Trent Alexander Arnold’s name was a notable absence from Gareth Southgate’s England squad for March’s international window.
The 22-year-old full-back was left out of the Three Lions’ picture for their World Cup qualifiers with San Marino, Albania, and Poland, with Kyle Walker, Reece James, and Kieran Trippier preferred.
The decision to leave the Champions League and Premier League medalist out of the national team reckoning was greeted with confusion, with Jurgen Klopp leading the chorus of objections.
Yes, his season to that point had not been as successful as those previous, but only when judged relative to the sky-high standards he set for himself.
“I was surprised when he didn’t get the call-up. I respect the decision, of course I do. But I didn’t understand it,” said the Liverpool manager.
Set-backs are part and parcel of football and how a player responds to adversity is a measure of their mental strength. Therefore, it is clear that Alexander Arnold — whose form has been sublime since March — is made of stern, psychological ingredients.
Since the Premier League reconvened from its international hiatus in early April, the academy graduate has shone and registered four assists and one goal in seven games, all the while providing a defensive acumen and solidity that he is so often wrongly accused of lacking. These assist figures could have easily been inflated were it not for the fact that Liverpool — with the Newcastle game at Anfield a particularly sorry example — have spurned several golden chances this season.
Alexander Arnold started this run of game-deciding moments with an assist away to Arsenal, curling a sumptuous cross onto the forehead of Diogo Jota. So pinpoint and pacy was the delivery, the Portuguese simply had to help it into the goal.
The next weekend, the right-back once again came up trumps. This time, he took the goal scoring — rather than goal creating — responsibility into his own hands and gorgeously curled a late winner into the Kop end goal against Aston Villa. The finish was that of a top-end forward, not a right-back somehow deemed unworthy of international selection.
Alexander Arnold made it three-goal contributions in as many games as he picked out Sadio Mane to score against Leeds at Elland Road. Slack marking at a late corner allowed the hosts to equalise, but it doesn’t take away from the number 66 crafting yet another goal.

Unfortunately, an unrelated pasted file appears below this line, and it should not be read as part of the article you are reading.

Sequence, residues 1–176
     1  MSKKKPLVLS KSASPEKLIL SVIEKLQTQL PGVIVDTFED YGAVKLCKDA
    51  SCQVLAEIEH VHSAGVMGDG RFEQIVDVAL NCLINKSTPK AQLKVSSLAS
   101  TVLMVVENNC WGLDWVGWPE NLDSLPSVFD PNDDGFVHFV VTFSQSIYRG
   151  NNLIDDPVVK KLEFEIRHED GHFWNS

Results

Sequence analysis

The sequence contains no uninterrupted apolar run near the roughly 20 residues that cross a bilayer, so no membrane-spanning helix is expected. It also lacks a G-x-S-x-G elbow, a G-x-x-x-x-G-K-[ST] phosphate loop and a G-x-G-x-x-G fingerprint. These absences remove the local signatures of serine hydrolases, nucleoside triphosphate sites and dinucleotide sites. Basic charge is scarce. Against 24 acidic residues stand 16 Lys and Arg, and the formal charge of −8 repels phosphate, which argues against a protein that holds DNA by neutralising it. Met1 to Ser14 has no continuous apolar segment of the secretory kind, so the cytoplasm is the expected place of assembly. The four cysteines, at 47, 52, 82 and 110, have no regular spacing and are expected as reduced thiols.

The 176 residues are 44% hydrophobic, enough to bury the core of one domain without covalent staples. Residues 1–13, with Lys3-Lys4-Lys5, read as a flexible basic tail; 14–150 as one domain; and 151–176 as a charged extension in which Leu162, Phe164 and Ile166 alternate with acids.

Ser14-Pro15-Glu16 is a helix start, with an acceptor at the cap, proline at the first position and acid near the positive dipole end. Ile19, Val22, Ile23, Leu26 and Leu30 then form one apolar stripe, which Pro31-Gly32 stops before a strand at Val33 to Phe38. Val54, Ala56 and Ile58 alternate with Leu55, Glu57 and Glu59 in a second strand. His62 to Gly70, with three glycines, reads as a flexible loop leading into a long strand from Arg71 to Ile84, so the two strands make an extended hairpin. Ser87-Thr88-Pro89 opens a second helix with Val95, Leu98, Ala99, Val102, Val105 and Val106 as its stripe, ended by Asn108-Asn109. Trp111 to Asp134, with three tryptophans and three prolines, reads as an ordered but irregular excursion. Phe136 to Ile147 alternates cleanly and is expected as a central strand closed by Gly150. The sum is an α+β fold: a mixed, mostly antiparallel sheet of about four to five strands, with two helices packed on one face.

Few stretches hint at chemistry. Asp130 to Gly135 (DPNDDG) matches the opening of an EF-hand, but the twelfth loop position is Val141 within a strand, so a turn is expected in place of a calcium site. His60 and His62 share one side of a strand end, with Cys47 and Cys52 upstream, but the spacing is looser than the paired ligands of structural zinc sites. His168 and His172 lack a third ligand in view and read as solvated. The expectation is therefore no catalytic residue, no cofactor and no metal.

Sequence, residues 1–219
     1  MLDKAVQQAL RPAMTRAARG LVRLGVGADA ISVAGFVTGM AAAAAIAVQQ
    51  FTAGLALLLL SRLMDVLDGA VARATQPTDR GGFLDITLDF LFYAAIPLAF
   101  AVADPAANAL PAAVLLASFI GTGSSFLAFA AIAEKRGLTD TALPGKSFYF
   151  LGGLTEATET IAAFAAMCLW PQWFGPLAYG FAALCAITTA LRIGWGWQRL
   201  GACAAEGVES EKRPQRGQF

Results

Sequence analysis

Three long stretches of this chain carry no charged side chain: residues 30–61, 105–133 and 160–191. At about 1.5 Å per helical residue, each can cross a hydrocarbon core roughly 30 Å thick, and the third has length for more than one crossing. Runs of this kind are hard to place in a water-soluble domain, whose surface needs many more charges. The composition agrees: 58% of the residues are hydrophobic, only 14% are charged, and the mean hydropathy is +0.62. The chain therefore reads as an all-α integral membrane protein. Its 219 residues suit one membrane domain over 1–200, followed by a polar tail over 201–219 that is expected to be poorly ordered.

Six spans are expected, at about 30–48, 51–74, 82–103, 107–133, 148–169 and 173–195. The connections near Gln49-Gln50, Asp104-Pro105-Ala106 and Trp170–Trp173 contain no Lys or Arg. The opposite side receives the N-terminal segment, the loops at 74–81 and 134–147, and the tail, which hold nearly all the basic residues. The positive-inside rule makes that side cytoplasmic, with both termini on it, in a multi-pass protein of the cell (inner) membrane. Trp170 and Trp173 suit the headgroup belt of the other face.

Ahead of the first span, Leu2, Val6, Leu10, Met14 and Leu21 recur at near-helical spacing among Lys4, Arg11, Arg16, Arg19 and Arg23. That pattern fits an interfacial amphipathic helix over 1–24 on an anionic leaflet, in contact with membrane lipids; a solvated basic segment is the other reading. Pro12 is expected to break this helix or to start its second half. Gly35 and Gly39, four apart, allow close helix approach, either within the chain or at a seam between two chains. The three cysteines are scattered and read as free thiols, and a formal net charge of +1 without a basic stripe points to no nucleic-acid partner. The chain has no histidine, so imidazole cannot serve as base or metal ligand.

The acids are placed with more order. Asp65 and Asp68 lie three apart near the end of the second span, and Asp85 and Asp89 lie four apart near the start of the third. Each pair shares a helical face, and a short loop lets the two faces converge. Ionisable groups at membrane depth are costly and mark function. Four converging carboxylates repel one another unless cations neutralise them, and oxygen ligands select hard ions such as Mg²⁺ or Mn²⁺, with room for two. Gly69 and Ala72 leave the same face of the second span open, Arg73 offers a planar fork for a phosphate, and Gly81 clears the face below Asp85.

More strong performances followed against Southampton and Newcastle. These clashes didn’t yield goals or assists, but his defensive showings were solid, and, were it not for his teammates contriving to miss golden chances, he could have easily registered more goal contributions.
The 22-year-old picked up the slack in impressive fashion away to Manchester United, notching an assist for Roberto Firmino, but, more than that, running the game at the home of the Reds’ biggest rivals. His statistics from the game paint a picture of an imperious performance.
Alexander Arnold strutted around Old Trafford making 86 touches, three clearances, and two interceptions. He successfully completed 100% of his tackles and crafted five chances, two of which were big. Raiding forward, he also had two shots on target.
The win away to United meant that Liverpool put their Champions League qualification destiny in their own hands, provided they won their remaining three games. The first of these treble of fixtures was West Bromwich Albion away last Sunday. With the time in the red and the teams deadlocked at 1-1, the full-back played a prominent role in arguably one of the most iconic moments in Premier League history. Whipping in a pacey corner, Alexander Arnold placed the ball flush onto the forehead of goalkeeper Alisson Becker and the Brazilian international powered home the winner.
No one of a Liverpool persuasion needs reminding of the right-back’s qualities, but, should he keep this type of form up and guide his team to the promised land of the Champions League, Southgate and his England staff are getting a timely refresher course.